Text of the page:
Open doors with an informal interview

An informational interview is used primarily for two reasons: to gather more information about a company and to gather more information about industries or occupations. Whether you are just out of college or have fifteen years of experience, informational interviews are a valuable activity to provide clarity regarding your career choice and direction in conducting an effective job campaign.

Develop a list of 10-15 target companies that you would like to work for.  Once identified, begin researching the companies and identify specific areas within the firm in which you would like to work.  Your goal should be to identify specific departments within your target companies. Try to identify specific people within these departments from your research or personal and professional network.These are the contacts that you should target for informational interviews.  An informational interview begins with a phone call to the prospective companies or people you have researched. Develop a script of the phone call before you call. The script should include everything you want to say to the company. Make sure you study this script and know what you are going to say before your call.

The first person you contact will likely be the receptionist. He or she should be your first friend in the company. The receptionist is the initial gatekeeper and can play a large part in the hiring process. They are often asked questions about a candidate’s phone etiquette and personality. Often, they are asked to give their general opinion of the applicants they speak with on the telephone and in person. Therefore, begin selling your skills to this person while gaining valuable information about the company. Make sure you learn his or her name and try to establish a rapport.

The key to this interview is to build a business friendship. Remember that your goal is to gather information about the company. If you set up an informational interview with a recruiter or the department manager, make sure you utilize this time to gather as much data as you can.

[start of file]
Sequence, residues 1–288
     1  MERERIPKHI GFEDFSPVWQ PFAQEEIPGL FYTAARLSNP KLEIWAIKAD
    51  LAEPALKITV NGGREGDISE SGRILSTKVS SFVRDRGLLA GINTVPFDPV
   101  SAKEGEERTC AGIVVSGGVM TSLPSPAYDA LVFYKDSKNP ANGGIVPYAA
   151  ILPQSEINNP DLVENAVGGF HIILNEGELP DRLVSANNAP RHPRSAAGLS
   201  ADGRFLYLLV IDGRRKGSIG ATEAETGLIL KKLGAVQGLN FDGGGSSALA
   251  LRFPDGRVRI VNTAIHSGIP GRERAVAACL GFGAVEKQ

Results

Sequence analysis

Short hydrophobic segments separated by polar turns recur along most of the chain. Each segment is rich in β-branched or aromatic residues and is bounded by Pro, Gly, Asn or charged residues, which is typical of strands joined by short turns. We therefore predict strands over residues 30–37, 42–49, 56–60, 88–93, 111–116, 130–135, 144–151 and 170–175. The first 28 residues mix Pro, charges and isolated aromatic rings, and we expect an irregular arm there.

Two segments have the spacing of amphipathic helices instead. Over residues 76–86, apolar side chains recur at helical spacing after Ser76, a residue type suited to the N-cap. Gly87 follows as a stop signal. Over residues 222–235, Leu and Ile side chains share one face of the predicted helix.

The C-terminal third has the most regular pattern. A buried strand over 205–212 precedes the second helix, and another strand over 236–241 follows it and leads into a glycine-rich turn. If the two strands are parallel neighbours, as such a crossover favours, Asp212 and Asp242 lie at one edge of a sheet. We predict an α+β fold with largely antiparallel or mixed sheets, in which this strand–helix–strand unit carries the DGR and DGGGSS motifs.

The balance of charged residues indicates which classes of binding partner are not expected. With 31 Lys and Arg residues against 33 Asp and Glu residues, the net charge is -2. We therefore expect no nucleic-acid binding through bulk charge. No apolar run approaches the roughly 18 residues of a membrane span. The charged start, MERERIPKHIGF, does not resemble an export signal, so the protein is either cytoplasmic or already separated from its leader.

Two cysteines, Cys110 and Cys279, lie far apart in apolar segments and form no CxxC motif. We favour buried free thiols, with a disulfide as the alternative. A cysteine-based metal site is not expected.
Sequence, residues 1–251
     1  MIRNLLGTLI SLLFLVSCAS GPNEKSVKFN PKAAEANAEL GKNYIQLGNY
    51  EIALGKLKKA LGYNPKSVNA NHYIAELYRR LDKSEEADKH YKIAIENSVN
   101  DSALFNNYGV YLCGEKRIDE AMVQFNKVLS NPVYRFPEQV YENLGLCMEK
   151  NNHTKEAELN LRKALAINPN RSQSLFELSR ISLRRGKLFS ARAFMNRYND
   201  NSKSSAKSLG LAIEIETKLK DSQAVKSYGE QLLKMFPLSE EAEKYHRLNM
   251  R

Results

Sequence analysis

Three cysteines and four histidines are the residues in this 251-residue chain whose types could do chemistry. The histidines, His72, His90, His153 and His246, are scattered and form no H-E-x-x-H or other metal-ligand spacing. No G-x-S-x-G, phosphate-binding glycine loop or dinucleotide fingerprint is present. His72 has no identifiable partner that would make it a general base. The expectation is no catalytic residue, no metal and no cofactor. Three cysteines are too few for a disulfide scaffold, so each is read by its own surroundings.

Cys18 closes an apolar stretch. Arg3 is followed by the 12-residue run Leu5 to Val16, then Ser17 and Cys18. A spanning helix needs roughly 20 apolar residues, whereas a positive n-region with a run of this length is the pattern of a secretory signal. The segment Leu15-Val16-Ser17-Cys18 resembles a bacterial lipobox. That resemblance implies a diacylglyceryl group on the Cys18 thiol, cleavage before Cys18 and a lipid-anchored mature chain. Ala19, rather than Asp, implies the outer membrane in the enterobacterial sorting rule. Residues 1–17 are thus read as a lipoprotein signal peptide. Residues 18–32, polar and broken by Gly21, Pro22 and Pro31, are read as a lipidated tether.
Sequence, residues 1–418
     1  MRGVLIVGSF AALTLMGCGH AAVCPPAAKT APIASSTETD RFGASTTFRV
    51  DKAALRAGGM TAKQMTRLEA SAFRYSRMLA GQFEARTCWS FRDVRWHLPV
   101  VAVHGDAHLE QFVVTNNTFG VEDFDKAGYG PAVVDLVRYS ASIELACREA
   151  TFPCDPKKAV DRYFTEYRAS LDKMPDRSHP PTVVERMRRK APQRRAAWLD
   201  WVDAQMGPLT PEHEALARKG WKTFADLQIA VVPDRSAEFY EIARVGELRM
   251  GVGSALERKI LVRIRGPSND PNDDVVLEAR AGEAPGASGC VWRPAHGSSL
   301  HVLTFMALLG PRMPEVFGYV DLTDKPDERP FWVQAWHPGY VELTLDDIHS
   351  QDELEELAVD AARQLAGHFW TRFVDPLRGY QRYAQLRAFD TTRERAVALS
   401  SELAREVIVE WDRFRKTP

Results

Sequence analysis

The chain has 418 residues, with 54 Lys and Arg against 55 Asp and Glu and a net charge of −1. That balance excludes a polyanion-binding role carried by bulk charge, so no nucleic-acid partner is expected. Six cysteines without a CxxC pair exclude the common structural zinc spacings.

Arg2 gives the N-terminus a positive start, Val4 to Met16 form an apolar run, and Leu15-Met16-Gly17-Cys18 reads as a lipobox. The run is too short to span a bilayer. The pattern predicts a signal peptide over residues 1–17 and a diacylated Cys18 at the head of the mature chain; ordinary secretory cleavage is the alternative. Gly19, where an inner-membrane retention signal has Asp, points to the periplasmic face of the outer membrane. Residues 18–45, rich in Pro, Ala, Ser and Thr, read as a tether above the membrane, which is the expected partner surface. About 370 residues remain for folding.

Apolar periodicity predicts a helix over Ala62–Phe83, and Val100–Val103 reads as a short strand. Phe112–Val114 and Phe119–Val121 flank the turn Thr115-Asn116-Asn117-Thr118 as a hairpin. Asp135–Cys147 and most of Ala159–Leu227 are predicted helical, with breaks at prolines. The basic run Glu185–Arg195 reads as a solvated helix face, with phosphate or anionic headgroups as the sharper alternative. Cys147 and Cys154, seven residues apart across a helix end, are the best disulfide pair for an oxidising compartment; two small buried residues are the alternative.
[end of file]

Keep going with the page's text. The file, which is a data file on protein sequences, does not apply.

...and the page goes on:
After you contact each company and schedule an appointment, prepare a list of questions to ask. Make sure your questions are typed and convey the topics that are important to you in a company. You should have five to ten detailed questions written out prior to the interview that will give you the best possible facts from which you will draw your final job decision. Here are a few examples of questions you could ask the person with whom you meet.

  • · What do you know now about this industry that you didn’t know before you entered it?
  • · Would you have done anything differently?
  • · What types of characteristics are important for success in this field or with your company?
  • · What makes XYZ Firm different from its competitors?
  • · What type of special education or certification is required when working in this field?

When you are preparing for the interview, utilize the research you have already conducted. Read the company’s annual report to gather pertinent information about the company’s performance, products, locations, and so on. This is also a good time to land the first impression.  Here are a few items to consider.

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